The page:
Thursday, July 27, 2006

Same hand stuck foot

James Reuster gave me an idea several years that I have gotten a lot of mileage out of. I think he learned it from the Aikido of Maryland folks. It is "same hand stuck foot." This is the idea that whatever hand is the power hand, you would prefer to stick that same foot to the ground. Until this point the model we'd used was "same hand same foot," or the idea that whatever hand was the power hand, the opposite foot was grounded in the back. "Same foot" is a great way to apply power in a push, but it is very hard to be neutral - tori ends up stuck in a push whenever he starts it. The "stuck foot" idea pretty much cures that problem, leaving tori much more neutral and mobile.
The tai chi guys talk a lot about "ground path," including this guy, who has a lot of interesting articles and some good tapes on the idea too. The idea of ground path is to create a route through your body from the power hand to the ground so that the force the opponent puts on you ends up directed against the ground. With the "same foot" idea, the ground path goes from one hand through the center and down the opposite leg. This sticks both sides of your body in place - the power hand on one side and the grounded foot on the other side, reducing your mobility. Alternately, the "stuck foot" idea creates a ground path from the power hand through one side of the body and into the ground. This leaves the center and the other side of the body free to move and respond if the technique does not work.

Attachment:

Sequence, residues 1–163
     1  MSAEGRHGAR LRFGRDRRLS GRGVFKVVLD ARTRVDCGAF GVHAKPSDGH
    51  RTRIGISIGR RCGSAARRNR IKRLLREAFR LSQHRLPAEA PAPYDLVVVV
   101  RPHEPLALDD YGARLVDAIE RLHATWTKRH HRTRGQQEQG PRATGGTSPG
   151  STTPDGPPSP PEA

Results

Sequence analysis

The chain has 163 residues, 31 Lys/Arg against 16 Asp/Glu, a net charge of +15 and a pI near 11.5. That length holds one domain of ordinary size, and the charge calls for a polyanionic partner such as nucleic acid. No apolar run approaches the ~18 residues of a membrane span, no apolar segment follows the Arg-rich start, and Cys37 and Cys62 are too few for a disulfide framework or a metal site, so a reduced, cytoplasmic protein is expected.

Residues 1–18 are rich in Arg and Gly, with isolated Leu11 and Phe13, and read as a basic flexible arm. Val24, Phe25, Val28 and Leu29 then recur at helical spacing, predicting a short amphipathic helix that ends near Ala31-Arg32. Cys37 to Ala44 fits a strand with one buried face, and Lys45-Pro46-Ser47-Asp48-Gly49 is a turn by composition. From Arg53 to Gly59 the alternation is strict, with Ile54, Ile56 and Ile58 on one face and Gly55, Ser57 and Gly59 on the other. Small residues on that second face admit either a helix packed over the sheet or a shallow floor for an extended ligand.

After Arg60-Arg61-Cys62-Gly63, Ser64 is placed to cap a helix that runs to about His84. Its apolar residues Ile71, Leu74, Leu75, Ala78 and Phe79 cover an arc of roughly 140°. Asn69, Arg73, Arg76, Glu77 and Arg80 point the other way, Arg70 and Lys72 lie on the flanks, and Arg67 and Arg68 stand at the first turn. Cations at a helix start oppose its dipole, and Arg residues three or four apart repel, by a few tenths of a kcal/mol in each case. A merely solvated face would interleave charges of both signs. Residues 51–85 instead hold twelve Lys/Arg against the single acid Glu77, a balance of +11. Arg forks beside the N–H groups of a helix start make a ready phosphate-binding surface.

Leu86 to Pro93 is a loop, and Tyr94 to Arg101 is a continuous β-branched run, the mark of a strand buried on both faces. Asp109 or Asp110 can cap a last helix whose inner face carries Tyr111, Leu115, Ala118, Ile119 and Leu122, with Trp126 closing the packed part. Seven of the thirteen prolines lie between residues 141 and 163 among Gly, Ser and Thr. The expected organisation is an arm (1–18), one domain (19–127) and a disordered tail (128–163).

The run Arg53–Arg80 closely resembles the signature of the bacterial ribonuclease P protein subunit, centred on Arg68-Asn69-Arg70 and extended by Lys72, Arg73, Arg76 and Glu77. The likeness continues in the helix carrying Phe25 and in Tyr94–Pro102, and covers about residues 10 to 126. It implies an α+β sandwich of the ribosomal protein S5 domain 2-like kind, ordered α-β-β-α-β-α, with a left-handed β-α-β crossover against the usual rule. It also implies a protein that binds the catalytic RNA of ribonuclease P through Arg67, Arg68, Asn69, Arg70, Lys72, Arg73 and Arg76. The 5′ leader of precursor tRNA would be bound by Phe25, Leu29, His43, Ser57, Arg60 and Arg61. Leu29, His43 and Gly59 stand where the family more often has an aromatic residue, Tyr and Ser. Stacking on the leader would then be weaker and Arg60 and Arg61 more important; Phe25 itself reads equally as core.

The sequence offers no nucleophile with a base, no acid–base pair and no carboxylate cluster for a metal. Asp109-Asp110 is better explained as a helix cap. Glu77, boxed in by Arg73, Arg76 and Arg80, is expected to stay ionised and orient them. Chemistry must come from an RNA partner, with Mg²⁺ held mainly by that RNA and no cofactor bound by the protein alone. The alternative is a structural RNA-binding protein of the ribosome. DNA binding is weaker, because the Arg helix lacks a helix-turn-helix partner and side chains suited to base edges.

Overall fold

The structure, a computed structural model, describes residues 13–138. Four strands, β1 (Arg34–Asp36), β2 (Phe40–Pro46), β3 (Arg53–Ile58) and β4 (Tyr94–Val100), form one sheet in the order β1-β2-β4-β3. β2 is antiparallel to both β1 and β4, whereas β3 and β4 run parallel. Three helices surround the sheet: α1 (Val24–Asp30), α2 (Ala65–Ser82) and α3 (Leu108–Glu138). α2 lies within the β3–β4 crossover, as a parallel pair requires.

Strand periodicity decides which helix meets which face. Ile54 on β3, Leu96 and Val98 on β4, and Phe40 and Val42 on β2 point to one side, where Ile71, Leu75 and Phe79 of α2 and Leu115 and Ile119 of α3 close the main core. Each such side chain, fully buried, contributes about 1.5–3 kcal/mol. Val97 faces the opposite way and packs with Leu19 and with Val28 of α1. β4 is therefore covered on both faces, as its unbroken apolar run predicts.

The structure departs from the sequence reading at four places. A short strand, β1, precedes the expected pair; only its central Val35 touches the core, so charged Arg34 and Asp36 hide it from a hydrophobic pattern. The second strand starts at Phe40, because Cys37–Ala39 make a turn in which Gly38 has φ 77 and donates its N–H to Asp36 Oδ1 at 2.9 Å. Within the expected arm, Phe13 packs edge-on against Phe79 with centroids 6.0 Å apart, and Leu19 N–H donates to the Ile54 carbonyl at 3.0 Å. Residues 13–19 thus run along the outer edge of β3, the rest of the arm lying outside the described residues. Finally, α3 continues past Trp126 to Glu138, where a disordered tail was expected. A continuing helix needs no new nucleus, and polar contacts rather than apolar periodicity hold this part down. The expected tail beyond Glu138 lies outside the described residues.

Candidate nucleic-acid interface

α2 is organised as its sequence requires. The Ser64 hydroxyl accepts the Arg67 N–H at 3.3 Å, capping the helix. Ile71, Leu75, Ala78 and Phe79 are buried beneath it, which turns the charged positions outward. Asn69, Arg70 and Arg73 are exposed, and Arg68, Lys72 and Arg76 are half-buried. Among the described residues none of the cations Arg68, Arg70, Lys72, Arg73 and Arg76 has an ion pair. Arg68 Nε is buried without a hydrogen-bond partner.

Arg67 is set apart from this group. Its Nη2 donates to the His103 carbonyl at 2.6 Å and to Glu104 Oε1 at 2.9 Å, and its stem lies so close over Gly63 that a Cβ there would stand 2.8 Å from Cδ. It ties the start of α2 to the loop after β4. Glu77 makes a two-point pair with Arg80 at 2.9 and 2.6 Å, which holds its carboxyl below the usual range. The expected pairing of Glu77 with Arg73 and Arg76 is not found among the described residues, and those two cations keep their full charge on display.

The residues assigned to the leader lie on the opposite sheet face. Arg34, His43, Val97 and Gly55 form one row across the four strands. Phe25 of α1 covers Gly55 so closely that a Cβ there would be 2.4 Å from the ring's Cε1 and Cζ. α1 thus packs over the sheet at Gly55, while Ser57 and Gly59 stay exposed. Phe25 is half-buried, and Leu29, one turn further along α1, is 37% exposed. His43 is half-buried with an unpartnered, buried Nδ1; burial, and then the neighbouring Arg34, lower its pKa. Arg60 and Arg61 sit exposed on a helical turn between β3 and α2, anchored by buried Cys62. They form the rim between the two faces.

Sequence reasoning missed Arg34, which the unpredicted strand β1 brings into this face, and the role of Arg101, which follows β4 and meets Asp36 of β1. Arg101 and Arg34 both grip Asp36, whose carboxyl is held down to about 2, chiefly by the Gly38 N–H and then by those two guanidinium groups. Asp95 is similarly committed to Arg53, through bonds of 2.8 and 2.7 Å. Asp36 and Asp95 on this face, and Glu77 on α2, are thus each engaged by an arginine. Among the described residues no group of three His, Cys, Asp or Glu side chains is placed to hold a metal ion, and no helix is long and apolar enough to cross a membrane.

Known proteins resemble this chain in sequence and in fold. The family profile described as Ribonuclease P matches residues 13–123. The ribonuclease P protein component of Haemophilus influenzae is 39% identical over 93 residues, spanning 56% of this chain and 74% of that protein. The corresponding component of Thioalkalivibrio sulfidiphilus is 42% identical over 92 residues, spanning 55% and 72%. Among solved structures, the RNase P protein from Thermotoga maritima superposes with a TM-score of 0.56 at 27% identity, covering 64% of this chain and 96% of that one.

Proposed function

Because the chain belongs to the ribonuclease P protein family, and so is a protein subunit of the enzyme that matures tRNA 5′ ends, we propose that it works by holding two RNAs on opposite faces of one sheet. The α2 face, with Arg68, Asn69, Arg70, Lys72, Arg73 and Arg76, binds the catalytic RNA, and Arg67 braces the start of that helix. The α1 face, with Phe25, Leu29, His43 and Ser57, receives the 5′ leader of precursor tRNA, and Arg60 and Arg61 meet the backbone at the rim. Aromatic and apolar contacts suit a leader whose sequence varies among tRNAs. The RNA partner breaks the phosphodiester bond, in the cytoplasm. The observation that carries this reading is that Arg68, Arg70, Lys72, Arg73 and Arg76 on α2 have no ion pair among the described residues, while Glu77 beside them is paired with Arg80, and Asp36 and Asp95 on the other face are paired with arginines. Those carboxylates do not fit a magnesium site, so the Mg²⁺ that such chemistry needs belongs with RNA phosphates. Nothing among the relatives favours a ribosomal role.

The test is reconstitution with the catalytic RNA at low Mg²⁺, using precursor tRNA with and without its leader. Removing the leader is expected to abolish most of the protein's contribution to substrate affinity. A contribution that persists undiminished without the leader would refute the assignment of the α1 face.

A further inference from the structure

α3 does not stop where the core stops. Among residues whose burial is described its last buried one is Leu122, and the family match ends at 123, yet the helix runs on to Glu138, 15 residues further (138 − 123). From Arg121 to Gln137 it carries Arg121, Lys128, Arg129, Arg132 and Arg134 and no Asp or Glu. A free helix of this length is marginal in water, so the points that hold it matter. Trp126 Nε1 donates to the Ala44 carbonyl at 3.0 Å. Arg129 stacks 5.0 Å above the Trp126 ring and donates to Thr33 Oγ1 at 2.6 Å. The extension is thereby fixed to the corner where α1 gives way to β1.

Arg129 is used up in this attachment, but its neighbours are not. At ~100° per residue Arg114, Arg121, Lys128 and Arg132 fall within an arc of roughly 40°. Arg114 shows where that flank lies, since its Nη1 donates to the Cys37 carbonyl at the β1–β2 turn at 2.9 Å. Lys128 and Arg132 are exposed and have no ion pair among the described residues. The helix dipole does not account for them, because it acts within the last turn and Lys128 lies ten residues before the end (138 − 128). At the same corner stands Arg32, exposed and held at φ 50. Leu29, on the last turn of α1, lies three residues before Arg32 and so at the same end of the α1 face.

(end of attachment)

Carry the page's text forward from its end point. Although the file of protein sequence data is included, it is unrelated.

It turns out that it is easy to correct when you find yourself stuck applying force in "same foot" so that you are in the more mobile "stuck foot." You can either change the power hand or the grounded foot. Both of these fixes show up in the wrist releases and especially in randori and make a big difference in your mobility.

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